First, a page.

Dubai faces down airline rivals with $50 billion jet orders


By Tim Hepher, Alexander Cornwell and Pesha Magid

DUBAI (Reuters) -Dubai carriers threw down the gauntlet to emerging regional rivals with more than $50 billion of Boeing jet orders on Monday, as competition intensifies to secure dwindling supplies of long-haul jets and anticipate growth in international travel.

Government-owned Emirates and sister airline flyDubai secured 125 Boeing wide-body jets at the opening of the Dubai Airshow, but left Europe’s Airbus waiting for an order for broadly similar jets

Monday’s 777X orders include 55 of the future 400-seat version known as 777-9 and 35 of the smaller 777-8.

Emirates also signed up for five extra 787 Dreamliners while flyDubai ordered 30 of the same type in its first order for long-haul aircraft.

“Together these orders represent significant investments that reflect Dubai’s commitment to the future of aviation,” said Emirates and flyDubai Chairman Sheikh Ahmed bin Saeed Al Maktoum.

The aviation and tourism industries are crucial to Dubai’s economy, which lacks the oil wealth of many neighbouring states. The government aims to double the size of the economy over the next decade.

Industry officials said the orders raised the stakes in airline competition as Saudi Arabia expands its fleet and airlines in Turkey and India forge plans to steer more connecting traffic away from the Gulf.

“They are saying we are the big elephant in the room (and) demonstrating that they are a big player,” Air Lease Corp Executive Chairman Steven F. Udvar-Hazy said after the twin Dubai announcements.

Demand for the industry’s biggest jets that dominate the region’s airports is humming after a prolonged cyclical downturn followed by the damaging effect of COVID-19 on long-haul travel.

Industry officials estimate airlines worldwide are negotiating behind the scenes to buy some 700-800 new jets, including 200-300 of the world’s largest, as they catch up on fleet replacement plans set aside during the pandemic.

But Air Lease Corp’s Udvar-Hazy questioned whether there was room for all the capacity. “They are fighting for the same passengers,” he added.

Turkish Airlines (THY) burst onto the show’s agenda on Saturday with word from state-run Anadolu news agency that it was in talks to buy up to 355 Airbus jets.

“Airbus and Turkish Airlines have reached an agreement in principle for a significant commercial aircraft order,” Airbus said. “We are ratifying this agreement and will communicate in the coming days.”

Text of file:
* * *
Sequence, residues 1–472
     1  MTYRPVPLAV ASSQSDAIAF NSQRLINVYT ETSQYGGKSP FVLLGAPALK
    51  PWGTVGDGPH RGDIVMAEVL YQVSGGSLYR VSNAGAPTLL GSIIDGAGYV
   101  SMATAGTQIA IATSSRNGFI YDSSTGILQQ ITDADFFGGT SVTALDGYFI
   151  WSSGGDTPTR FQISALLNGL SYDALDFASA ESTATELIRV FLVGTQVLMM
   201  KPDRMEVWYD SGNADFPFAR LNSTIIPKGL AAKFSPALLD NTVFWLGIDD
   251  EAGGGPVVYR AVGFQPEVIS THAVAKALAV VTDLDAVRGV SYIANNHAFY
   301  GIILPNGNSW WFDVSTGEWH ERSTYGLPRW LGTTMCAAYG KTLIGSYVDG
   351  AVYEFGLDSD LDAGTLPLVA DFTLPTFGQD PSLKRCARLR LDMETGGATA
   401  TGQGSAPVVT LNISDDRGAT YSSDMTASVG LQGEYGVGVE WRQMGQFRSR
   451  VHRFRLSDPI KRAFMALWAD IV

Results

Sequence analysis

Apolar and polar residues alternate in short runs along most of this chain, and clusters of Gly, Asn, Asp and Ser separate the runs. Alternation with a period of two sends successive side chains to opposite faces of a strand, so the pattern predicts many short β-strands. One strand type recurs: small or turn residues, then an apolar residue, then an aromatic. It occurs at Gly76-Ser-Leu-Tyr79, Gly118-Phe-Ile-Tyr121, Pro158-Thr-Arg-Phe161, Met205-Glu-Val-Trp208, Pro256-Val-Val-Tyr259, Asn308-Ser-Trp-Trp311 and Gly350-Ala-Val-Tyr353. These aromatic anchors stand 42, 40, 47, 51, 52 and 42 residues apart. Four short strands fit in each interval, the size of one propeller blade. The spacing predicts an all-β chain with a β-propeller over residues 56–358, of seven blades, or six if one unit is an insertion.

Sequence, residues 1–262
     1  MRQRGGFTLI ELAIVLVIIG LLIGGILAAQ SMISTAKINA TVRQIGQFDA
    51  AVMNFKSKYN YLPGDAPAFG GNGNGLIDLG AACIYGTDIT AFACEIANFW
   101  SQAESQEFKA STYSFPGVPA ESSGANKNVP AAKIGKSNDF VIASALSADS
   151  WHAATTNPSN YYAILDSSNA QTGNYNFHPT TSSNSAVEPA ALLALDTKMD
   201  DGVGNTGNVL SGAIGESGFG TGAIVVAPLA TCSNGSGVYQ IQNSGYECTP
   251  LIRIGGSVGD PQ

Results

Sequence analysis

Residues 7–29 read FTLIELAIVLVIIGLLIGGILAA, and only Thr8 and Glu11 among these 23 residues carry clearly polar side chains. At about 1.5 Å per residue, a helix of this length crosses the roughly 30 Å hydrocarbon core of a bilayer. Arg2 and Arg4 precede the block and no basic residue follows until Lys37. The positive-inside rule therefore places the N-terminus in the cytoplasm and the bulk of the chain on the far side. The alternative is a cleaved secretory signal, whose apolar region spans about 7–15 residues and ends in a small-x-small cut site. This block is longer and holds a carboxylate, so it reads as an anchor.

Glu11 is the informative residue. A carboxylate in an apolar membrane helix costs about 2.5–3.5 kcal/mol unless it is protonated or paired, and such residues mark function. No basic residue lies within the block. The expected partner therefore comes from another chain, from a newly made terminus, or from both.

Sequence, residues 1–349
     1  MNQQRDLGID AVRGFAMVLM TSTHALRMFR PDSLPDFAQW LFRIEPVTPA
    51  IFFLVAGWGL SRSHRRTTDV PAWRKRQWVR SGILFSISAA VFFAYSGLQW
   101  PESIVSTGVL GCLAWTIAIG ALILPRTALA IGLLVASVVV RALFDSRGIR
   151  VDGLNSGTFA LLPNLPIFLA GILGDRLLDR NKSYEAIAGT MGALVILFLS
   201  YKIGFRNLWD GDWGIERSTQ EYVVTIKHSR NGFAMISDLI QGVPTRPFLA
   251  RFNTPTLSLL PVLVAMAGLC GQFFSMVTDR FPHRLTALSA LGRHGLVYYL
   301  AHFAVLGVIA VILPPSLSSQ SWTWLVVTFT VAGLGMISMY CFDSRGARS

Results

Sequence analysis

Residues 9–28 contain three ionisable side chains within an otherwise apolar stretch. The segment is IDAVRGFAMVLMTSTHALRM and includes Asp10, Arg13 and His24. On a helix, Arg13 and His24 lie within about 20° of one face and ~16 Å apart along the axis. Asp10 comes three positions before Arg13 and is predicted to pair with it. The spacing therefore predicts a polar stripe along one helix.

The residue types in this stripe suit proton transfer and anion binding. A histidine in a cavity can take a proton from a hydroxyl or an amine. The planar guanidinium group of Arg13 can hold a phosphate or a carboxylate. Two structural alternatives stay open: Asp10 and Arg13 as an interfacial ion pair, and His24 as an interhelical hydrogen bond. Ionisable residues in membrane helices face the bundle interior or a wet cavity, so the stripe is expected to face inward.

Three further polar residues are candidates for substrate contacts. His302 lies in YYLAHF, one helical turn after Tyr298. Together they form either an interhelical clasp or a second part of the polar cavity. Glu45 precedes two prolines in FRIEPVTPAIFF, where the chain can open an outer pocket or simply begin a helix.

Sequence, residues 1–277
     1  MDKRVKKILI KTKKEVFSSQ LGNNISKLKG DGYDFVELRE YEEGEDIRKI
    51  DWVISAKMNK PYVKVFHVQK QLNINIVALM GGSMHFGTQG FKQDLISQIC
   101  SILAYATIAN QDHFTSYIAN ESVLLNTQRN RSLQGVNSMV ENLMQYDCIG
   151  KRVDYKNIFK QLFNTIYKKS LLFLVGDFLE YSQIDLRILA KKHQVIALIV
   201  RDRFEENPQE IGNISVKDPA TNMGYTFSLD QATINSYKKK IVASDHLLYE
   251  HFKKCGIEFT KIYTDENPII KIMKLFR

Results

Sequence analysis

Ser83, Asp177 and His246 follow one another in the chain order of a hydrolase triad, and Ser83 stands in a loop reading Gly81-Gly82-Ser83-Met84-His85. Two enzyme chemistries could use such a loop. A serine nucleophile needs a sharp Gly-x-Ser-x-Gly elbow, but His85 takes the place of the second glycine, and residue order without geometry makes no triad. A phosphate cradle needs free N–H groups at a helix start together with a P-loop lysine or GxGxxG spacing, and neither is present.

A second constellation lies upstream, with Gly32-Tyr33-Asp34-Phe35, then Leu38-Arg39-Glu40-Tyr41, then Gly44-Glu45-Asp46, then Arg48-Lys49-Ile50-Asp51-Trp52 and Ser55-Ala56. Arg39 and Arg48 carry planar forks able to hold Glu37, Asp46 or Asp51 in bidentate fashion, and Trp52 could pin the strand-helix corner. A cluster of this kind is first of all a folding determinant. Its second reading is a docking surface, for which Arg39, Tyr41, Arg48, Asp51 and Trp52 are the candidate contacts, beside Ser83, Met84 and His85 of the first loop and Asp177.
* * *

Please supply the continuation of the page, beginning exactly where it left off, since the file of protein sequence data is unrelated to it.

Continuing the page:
One Mideast source described the prospect of a Turkish order as a “bold move” coming in the backyard of Gulf rivals.


Other significant orders appear to be in the works but the competition was unlikely to be played out in public in Dubai.

Saudi Arabia’s newest airline Riyadh Air said it is still in talks with planemakers to place an order for narrow-body jets.

Saudia Airlines Group is planning to order about 150 narrow-bodied aircraft for Saudia Airline and low-cost Flyadeal, the group’s vice president for fleet management told Asharq TV.

In previous years, the Dubai Airshow has seen a frenzy of announcements by the likes of Emirates and other Gulf carriers.

Saudi Arabia has established Riyadh Air as part of plans to transform the kingdom into a major aviation hub, a segment that is dominated by Dubai and Qatar’s Doha.

Dubai is staging the biennial aerospace pageant against the backdrop of the Israel-Hamas war in Gaza that is pushing up demand for weapons and closing airspace, making flights longer and more expensive for some airlines.

Travel analysis firm ForwardKeys said on Friday flight bookings had fallen around the world since Oct. 7, including a 26% slump in bookings to the Middle East.

“There’s enough statistical evidence, at least in the short term, to show that there’s been a substantial drop in tickets sales into the region,” said Daniel Silke, director of Cape Town-based Political Futures Consultancy.

Analysts have said the war in Gaza is also likely to reinforce demand for weapons on top of a surge in the past 18 months as the United States and its allies rearm Ukraine against Russia. However, few major arms deals are expected at the show.

(Reporting by Tim Hepher, Alexander Cornwell, Pesha Magid; editing by Hugh Lawson, Lisa Shumaker, Shri Navaratnam and Sharon Singleton)

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